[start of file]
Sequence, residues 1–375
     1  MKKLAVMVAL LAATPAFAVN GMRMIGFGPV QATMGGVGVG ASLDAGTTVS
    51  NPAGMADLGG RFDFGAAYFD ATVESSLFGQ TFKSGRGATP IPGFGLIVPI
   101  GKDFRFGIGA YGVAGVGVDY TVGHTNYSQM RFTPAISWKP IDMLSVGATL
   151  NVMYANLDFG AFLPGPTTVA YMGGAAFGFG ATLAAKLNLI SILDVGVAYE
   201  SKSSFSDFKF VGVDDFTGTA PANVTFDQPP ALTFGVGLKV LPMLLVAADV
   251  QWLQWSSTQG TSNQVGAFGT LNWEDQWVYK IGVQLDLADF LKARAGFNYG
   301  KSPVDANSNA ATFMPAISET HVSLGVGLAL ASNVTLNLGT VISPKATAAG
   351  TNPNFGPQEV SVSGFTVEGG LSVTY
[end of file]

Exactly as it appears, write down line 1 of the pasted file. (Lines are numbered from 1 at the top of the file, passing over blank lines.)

Sequence, residues 1–375